Introduction to China Industrial Parks 


ETDZs

Economic and Technological Development Zones

 

Fourteen coastal cities were granted open policies and 14 Economic and Technological Development Zones (ETDZs) were established in 12 coastal cities between 1984 and 1988. The first ETDZs were in Dalian, Yantai, Qingdao, Lianyungang, Nantong, Minhang (Shanghai), Hongqiao (Shanghai), Caohejing (Shanghai), Ningbo, Fuzhou, Guangzhou and Zhanjiang. Unlike SEZs, an ETDZ is an area of land, typically all the suburban region of a major city. Within the ETDZ, special policies are adopted. An administrative committee, normally selected by the local government, oversees economic and social management in each zone.

 

The second wave of expansion of ETDZs was led by the establishment of Pudong New District in Shanghai in 1990. A concrete manifestation of China’s Pudong development plan, this move was aimed at elevating the status of Shanghai, making it the “Dragon Head” of the Yangtze River Delta Region, which comprises Shanghai and parts of Jiangsu and Zhejiang. Prior to the establishment of this new district, the Pearl River Delta Region, which  comprises nine cities in Guangdong, was the forerunner of China’s open door policy. But unlike Guangdong, which lies at the southeastern tip of China, Shanghai will have a big impact on economic development in China’s vast hinterland.

 

Between 1992 and 1993, a total of 18 state-level ETDZs were established, one each in Yingkou, Changchun, Shenyang, Harbin, Weihai, Kunshan, Hangzhou, Xiaoshan (a district in Hangzhou city), Wenzhou, Rongqiao (a county in Fuqing, Fujian), Dongshan (a county in Zhangzhou, Fujian) , Guangzhou Nansha, Huizhou Daya Bay, Wuhu, Wuhan, Chongqing, Beijing and Urumqi.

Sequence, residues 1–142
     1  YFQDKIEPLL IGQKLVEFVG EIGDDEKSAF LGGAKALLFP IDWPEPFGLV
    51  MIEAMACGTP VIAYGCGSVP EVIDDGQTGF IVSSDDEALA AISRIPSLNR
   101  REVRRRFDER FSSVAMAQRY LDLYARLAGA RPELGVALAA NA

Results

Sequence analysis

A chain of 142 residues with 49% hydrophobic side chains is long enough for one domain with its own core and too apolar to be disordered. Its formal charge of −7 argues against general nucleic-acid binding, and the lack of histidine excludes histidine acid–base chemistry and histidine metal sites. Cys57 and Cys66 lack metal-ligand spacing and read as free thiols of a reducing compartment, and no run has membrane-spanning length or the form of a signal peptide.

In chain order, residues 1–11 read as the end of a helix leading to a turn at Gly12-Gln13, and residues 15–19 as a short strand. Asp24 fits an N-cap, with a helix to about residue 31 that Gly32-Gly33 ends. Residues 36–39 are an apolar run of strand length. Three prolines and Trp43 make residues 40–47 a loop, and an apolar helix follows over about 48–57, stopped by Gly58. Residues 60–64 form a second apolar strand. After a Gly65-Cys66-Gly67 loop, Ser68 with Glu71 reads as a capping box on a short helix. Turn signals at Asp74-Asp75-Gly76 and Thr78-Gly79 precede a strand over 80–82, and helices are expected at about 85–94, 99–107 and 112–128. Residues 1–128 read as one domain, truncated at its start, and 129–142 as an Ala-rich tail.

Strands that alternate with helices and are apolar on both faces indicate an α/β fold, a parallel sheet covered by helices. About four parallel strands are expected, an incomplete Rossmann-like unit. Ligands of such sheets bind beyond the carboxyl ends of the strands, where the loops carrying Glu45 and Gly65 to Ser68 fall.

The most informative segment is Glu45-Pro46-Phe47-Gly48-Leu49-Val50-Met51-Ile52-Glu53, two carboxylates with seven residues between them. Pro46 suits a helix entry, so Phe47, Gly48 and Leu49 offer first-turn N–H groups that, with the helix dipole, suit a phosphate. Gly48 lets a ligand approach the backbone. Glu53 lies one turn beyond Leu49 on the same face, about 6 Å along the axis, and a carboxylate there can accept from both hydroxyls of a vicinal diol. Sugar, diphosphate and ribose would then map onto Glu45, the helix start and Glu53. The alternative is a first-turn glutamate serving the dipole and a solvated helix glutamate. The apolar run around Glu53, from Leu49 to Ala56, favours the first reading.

Two special projects were added later. Founded in 1993, Ningbo Daxie Development Zone was founded by China International Trust and Investment Corporation (CITIC) and comes under its management. The other special project is  Suzhou Industrial Park, which was founded in 1994 by the governments of China and Singapore.

 

After 2000, to fuel the development of the central and western regions, the central government also endorsed the establishment of a further 11 national ETDZs in inland regions.

 

China currently has a total of 54 state-level ETDZs: 32 in coastal regions and 22 in the hinterland.

 

State-level Economic and Technological Development Zones (ETDZs)

 

Coastal Regions

Region

Names of ETDZs

Beijing

• Beijing

Shanghai

 

• Minhang

• Hongqiao

• Caohejing

• Jinqiao EPZ

Tianjin

• Tianjin (TEDA)

Fujian

 

• Fuzhou

• Haicang (in Xiamen)

• Dongshan (in Zhangzhou)

• Rongqiao (in Fuqing)

Guangdong

 

• Guangzhou

• Zhanjiang

• Nansha (in Guangzhou)

• Daya Bay (in Huizhou)

Hainan

• Yangpu

Hebei

• Qinhuangdao

Jiangsu

 

• Lianyungang

• Nanjing

• Nantong

• Kunshan

• Suzhou Industrial Park

Liaoning

 

• Dalian

• Yingkou

• Shenyang

Shandong

 

• Yantai

• Qingdao

• Weihai

Zhejiang

 

• Ningbo

• Hangzhou

• Xiaoshan

• Wenzhou

• Daxie (in Ningbo)

 

 

Hinterland

Region

Names of ETDZs

Chongqing

• Chongqing

Anhui

 

• Wuhu

• Hefei

Gansu

• Lanzhou

Guangxi

• Nanning

Guizhou

• Guiyang

Heilongjiang

• Harbin

Henan

• Zhengzhou

Hubei

• Wuhan

Hunan

• Changsha

Inner Mongolia

• Hohhot

Jiangxi

• Nanchang

Jilin

• Changchun

Ningxia

• Yinchuan

Qinghai

• Xining

Shaanxi

• Xi’an

Shanxi

• Taiyuan

Sichuan

• Chengdu

Tibet

• Lhasa

Xinjiang

 

• Urumqi

• Shihezi

Yunnan

• Kunming

Source: China Knowledge               

 

 Encouraged by the success of the state-level ETDZs, provincial-level, municipality-level, and even county-level ETDZs were established across China. Some of these local ETDZs offer more attractive policies than state-level ETDZs.

 

While there are some outstanding local ETDZs, they generally pale in comparison with state-level ETDZs in terms of infrastructure, management, and more importantly, the continuity of preferential policies.

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